With social media all the rage these days, it’s only natural that transit advertising would find a use for it, as well.
“Because most transit advertising is still a static media, the social media tie-ins need to be developed in the strategy-stage of the campaign,” says Shipley. “They also need to be featured prominently in the creative design.”
Shipley offers advice for sign professionals in this industry—as well as for those who are interested in pursuing this industry. For exterior transit advertising on buses, Shipley recommends always finding out how many different garages circulate in the market and how many buses are dispatched out of each garage.
“In addition, you should always receive route maps for each garage,” says Shipley. “While the advertiser is rarely allowed to select specific routes and buses, they can select garages.
“It’s important to examine the routes coming out of each garage, so that you can select the garage(s) with routes that target your geographic areas or wherever you’re looking to reach your target.”
For transit shelter advertising, Shipley says it’s important to know where the ad will be placed.
“Always find out if the ad panel you’re buying on the shelter faces toward traffic (exterior face) or if it faces people waiting in the shelter (interior face),” says Shipley. “If you want impressions from drivers and want ‘street traffic,’ then select an exterior face.
“But if your main target is a demographic that’s shown to utilize public transportation, then you’ll want an interior face.”
Shipley adds that an important consideration is lead-time for reserving space and producing creative.
“Some markets sell out during peak times of the year, so in order to have a presence, you need to have your buy confirmed early,” says Shipley. “One of the most beneficial aspects of planning ahead is having time to negotiate free bonus space as well as a lower cost per unit because inventory isn’t as tight well in advance.”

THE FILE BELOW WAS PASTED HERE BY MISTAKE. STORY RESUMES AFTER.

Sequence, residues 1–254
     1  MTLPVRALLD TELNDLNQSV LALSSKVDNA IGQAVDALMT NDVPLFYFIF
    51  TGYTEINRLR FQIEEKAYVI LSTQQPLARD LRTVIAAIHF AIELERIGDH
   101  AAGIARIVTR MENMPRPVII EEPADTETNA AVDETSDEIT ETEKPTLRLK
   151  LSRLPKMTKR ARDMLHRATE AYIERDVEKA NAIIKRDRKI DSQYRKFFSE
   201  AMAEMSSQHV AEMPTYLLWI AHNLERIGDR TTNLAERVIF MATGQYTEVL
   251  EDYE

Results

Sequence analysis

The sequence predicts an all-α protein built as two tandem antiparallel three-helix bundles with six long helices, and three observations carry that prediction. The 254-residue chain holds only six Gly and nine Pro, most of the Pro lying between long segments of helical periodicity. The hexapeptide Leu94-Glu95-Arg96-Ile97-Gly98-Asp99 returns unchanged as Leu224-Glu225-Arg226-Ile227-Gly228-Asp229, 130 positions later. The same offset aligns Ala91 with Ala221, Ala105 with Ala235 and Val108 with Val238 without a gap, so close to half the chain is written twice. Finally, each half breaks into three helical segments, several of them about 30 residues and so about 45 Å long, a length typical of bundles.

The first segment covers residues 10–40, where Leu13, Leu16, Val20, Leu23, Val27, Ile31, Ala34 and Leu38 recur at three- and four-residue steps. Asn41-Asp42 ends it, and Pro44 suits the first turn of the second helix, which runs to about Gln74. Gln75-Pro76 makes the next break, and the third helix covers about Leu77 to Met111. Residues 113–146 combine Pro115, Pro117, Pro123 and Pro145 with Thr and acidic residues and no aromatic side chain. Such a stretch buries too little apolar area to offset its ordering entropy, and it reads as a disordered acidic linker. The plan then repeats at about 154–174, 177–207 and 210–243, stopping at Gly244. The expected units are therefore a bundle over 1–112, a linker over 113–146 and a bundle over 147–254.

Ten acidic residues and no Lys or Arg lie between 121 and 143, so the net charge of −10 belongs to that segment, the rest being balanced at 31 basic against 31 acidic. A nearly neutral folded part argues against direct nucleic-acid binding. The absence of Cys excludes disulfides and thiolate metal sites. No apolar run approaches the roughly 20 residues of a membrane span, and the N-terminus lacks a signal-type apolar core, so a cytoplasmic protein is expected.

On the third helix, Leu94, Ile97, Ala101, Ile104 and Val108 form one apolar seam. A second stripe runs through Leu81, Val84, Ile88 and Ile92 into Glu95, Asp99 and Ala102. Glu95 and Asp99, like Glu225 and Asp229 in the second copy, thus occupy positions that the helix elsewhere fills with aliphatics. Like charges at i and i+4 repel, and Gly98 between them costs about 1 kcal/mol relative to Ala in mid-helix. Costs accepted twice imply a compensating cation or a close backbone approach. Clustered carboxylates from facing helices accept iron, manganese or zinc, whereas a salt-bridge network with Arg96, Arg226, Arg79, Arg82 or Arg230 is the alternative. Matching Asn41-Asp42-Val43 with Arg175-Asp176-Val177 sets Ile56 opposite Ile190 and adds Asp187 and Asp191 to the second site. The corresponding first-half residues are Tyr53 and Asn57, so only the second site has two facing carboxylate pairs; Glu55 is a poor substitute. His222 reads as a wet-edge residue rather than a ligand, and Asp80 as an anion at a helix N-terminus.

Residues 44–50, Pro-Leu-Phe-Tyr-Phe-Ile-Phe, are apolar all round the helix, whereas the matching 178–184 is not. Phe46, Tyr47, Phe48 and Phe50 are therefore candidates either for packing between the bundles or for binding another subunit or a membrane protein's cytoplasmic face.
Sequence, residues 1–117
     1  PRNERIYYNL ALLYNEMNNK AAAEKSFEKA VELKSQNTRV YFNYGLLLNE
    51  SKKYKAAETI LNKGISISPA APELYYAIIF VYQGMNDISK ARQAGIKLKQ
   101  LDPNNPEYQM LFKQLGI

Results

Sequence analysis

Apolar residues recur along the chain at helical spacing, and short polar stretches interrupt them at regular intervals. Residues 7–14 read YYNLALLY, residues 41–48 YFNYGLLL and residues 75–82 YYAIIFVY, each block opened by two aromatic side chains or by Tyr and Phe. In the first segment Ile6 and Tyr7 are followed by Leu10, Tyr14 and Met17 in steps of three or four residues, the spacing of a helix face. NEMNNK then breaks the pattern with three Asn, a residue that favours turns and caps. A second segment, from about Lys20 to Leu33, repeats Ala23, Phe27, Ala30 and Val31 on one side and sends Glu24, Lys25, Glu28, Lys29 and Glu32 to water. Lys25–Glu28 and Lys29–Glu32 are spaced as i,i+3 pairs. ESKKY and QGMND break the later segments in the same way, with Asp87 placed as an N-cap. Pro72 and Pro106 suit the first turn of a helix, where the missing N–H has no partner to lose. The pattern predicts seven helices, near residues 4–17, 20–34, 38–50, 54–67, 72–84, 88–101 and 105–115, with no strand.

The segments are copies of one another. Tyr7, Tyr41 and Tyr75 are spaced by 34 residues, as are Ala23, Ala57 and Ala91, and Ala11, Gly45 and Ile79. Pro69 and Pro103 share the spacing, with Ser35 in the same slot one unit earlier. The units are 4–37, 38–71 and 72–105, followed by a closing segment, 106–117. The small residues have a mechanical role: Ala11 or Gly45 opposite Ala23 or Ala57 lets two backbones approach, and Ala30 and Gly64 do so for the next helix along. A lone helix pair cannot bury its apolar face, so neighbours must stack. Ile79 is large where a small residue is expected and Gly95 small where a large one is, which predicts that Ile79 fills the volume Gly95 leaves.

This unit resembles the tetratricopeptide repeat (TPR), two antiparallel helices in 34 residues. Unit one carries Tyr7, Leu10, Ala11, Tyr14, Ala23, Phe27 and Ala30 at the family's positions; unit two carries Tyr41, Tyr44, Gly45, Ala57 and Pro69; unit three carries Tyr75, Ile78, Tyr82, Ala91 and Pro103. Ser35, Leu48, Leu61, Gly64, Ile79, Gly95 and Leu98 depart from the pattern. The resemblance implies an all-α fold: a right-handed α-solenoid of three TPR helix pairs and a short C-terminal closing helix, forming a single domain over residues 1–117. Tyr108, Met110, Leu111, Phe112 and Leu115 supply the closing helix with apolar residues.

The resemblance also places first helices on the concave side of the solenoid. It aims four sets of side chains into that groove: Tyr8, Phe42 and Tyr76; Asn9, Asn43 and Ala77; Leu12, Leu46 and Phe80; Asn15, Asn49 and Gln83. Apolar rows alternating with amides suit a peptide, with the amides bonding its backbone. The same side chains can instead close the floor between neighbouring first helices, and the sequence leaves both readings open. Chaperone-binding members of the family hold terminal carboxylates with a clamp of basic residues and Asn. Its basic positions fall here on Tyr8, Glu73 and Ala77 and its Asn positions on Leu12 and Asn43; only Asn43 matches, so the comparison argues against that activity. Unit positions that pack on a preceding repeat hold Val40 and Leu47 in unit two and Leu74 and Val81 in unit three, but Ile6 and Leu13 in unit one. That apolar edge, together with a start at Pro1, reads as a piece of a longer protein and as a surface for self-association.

When it comes to tips on design, the recommendations are similar for all advertising media: make sure the ad isn’t too busy or the message too vague. Use big fonts and clear ideas. A call-to-action or a memorable line is always important. And the less clutter the better.
“All outdoor advertisements need to have a call-to-action,” says Shipley, “whether it’s a phone number, a Web site URL, a Facebook page, or a Twitter handle. There needs to be something that directs the consumer to the next level of engagement.”
Shipley says the current transit market isn’t losing any ground in fighting for dollars set aside for out-of-home media and predicts that we’ll see more conversion to digital formats in the future.
“The king and queen displays are already going digital in some markets. I’d anticipate that, as the technology advances, more digital transitions will be made with interior cards and exterior tails,” says Shipley.
Shipley adds that a digital conversion in the transit sector may be slow however.
“Most transit authority agencies are strapped for cash already and rely on traditional transit advertising to keep a steady revenue stream,” says Shipley. “They’ll likely put the onus on the transit advertising company that manages and sells the space to make any technological upgrades. With that type of push-pull arrangement, the shifts to digital formats will be a slow process and won’t happen overnight.”
Photos courtesy of Omnivex Corporation, Wizard Wraps, & Vector Media.